About Us | SOER
Pump jack in a field with the sun setting in the distance

History

Sustaining Oklahoma’s Energy Resources (SOER) is a committee under the authority of the Oklahoma Energy Resources Board (OERB). Under the OERB, our committees and staff work to provide valuable workshops and roundtables that feature expert speakers from across the nation. SOER has added a Research & Technology Subcommittee dedicated to bringing forth emerging technologies through grants. We also host the Oklahoma Oil & Gas Expo, now in its 25th year.

Both SOER and the OERB are champions for and funded by the people of Oklahoma Oil & Natural Gas. By merging the two, the missions of both have been enhanced. SOER is a proud supporter of Oklahoma’s oil and natural gas industry and is leveraging this merger into new opportunities for producers and royalty owners.

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Mission Statement

SOER was established to encourage new processes and technological advancements to sustain the oil and natural gas industry in the future for the benefit of the citizens of Oklahoma, and to advance activities to support marginally producing oil and natural gas wells.

Meet the Committee

The SOER Committee is comprised of 12 to 18 members, including the Oklahoma Secretary of Energy (or a designee), a member of the Oklahoma Energy Initiative Board and several oil and natural gas operators and royalty owners.

2021 SOER Committee Members

Chairman – Joe Brevetti, Charter Oak Production Co., LLC
Tom Dunlap, Tripledee Drilling
David Guest, Guest Petroleum, Inc.
David House, Jireh Resources LLC
Ken Kerrihard, Assiduous Energy, LLC
Richard Luht, Tecara Logistics
James Marshall, BTM Consulting, LLC
Mitch McAbee, McAbee & Company PC
Tim Munson, Spartan Resources
Chandra Rai, University of Oklahoma Sarkeys Energy Center
Michael Teague, Office of the Secretary of Energy & Environment
Joshua Wade, TransOil Marketing, LLC
Hearne Williford III, Williford Resources, LLC

Meet the Staff

Portrait of Tawnni Klaus

Tawnni Klaus

Coordinator

Portrait of Mindy Stitt

Mindy Stitt

Executive Director

Portrait of Melanie Voice

Melanie Voice

SOER Director

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Funding

SOER is funded by a voluntary fee assessed on oil and natural gas production in Oklahoma. The fee is $0.0035 on every barrel of oil and $0.00015 on every thousand cubic feet (MCF) of natural gas produced in the state. The fee is remitted to the Oklahoma Tax Commission in the same manner as provided by law for the payment of the gross production tax. SOER’s funding is maintained separately from the OERB. SOER is also authorized to accept appropriations, donations, grants, contributions and gifts from any public or private source.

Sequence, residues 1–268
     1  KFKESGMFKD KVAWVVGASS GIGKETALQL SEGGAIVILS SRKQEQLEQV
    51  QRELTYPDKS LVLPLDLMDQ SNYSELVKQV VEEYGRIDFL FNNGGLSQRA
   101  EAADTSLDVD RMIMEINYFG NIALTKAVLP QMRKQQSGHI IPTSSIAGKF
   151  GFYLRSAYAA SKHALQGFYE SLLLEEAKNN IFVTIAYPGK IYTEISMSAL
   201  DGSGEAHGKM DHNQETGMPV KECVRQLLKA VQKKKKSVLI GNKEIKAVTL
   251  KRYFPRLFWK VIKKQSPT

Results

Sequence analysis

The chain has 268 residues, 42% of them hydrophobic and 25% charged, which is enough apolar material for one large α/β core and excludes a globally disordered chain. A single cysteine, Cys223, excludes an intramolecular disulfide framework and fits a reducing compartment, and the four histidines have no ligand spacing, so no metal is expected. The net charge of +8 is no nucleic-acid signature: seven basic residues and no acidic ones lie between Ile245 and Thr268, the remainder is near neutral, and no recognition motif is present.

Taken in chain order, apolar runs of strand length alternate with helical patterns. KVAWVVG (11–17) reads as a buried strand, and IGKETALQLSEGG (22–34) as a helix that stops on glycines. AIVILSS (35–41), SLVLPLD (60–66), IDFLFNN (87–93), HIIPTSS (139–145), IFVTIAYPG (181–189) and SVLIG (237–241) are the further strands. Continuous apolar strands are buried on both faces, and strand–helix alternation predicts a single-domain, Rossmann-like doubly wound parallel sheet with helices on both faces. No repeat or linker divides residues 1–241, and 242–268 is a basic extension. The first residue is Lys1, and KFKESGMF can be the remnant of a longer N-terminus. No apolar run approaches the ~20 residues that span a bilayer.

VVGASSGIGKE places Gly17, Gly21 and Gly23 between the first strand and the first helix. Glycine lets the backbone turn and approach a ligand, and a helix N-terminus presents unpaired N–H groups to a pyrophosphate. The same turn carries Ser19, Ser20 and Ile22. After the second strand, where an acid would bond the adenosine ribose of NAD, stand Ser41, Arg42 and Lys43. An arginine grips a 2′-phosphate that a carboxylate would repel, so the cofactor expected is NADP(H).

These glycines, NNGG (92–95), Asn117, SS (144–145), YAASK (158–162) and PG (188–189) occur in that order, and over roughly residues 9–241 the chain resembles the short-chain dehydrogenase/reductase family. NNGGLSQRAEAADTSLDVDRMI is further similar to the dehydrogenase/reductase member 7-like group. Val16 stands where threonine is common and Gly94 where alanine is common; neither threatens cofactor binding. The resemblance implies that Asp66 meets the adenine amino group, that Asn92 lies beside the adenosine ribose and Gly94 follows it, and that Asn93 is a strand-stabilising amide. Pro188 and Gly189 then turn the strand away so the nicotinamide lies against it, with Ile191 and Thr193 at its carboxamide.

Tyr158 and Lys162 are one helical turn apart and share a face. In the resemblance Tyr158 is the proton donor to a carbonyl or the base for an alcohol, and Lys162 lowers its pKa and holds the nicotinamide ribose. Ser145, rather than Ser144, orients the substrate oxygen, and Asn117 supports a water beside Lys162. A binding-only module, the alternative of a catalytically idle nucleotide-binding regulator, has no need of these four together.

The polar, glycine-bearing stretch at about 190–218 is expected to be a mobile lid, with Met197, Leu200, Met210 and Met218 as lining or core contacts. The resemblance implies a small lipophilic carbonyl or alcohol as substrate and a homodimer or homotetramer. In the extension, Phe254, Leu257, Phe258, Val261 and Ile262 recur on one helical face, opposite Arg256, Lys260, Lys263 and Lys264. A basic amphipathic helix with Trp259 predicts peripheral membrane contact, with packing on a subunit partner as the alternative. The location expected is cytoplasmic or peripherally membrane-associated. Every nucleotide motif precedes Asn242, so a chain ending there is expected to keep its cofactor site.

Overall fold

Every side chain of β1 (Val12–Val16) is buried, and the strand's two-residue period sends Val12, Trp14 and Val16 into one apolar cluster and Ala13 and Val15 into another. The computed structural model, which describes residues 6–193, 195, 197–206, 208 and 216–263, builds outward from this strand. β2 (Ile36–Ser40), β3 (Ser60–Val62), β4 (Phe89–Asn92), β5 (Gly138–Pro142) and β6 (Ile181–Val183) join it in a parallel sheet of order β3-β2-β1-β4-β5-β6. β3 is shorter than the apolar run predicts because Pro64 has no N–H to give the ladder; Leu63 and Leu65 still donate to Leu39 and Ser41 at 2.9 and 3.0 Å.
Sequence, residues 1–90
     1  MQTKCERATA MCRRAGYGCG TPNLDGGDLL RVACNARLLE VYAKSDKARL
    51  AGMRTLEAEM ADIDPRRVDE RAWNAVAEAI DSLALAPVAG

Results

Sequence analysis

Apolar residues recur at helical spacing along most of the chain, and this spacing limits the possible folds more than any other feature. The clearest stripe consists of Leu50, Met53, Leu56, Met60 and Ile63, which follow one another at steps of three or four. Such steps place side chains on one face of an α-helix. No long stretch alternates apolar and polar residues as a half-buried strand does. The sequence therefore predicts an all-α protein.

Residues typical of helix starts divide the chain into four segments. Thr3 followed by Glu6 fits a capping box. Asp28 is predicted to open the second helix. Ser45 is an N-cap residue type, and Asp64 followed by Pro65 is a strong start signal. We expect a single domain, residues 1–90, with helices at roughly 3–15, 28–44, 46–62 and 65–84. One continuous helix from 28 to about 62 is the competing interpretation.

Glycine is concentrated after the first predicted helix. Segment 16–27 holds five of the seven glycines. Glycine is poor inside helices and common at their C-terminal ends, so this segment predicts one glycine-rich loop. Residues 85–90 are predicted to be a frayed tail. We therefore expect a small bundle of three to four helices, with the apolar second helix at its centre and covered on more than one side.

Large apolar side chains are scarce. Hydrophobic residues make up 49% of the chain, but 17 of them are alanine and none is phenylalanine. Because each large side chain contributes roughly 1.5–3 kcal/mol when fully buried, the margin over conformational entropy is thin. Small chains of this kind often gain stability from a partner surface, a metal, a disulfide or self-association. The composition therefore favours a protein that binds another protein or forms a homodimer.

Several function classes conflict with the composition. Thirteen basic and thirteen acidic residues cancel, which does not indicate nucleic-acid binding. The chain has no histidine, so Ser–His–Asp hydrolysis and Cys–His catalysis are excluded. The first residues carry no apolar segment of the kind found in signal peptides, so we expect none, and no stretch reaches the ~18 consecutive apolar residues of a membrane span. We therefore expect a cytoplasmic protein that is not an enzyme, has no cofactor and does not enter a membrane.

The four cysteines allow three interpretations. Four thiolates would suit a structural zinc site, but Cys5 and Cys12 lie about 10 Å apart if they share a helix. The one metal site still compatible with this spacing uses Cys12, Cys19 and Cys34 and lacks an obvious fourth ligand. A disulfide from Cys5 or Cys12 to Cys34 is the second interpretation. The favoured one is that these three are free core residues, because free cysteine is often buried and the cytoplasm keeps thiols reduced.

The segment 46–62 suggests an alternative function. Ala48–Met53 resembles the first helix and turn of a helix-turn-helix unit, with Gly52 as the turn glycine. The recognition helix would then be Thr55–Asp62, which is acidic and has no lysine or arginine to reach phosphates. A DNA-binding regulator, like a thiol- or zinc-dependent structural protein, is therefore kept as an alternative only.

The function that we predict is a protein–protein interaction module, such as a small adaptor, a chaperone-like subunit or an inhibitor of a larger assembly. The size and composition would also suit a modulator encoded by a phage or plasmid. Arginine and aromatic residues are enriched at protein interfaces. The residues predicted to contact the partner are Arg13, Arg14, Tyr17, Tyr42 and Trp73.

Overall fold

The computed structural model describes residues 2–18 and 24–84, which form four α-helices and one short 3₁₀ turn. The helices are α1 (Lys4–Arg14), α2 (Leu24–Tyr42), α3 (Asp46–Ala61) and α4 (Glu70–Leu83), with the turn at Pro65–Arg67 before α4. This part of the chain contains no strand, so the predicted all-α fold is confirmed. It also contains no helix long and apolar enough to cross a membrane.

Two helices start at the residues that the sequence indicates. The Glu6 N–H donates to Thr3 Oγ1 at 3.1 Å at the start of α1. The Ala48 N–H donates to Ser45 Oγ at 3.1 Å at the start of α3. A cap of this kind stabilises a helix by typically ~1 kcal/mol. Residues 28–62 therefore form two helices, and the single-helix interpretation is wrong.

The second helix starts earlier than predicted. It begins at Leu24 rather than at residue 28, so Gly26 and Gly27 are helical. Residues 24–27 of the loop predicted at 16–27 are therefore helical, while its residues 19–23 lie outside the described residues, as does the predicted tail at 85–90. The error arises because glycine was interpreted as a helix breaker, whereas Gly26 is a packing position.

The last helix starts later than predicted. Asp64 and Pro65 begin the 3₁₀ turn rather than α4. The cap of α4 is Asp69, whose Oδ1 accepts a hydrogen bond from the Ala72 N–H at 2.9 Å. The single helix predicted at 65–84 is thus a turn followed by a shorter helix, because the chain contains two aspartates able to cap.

people looking at an oil well

What is a marginal well?

A marginal well is about economic viability or whether the extraction of oil and gas is profitable. To be designated as a marginal well depends on oil prices and the cost of production. A marginal well becomes unprofitable to produce whenever oil and/or gas prices drop below its crucial profit point. A producing well that requires a higher price per MCF or per barrel of oil to be worth producing, due to low production rates and/or high production costs from its location (e.g., far offshore, in deep waters, onshore far from good roads for oil pickup and no pipeline) and/or its high co-production of substances that must be separated out and disposed of (e.g., saline water, non-burnable gases mixed with the natural gas). On land, this is often but not always a stripper well. (Interstate Oil and Gas Compact Commission)

man inspecting an oil well

What is a stripper well?

For tax purposes, a “stripper well” is defined as any well whose maximum daily average oil production does not exceed 15 barrels of oil, or any natural gas well whose maximum daily average gas production does not exceed 90 MCF of gas per day during any 12-month consecutive time period. The term stripper well is often used interchangeably with the term “marginal well,” although they are not the same. (Tax code of the United States Internal Revenue Service, 1986). Stripper wells make up a significant portion of America’s oil and natural gas production. While these wells may produce less oil and natural gas per day, they account for over 7.4% of U.S. oil production and 8.2% of natural gas production. (Energy and Industrial Advisory Partners)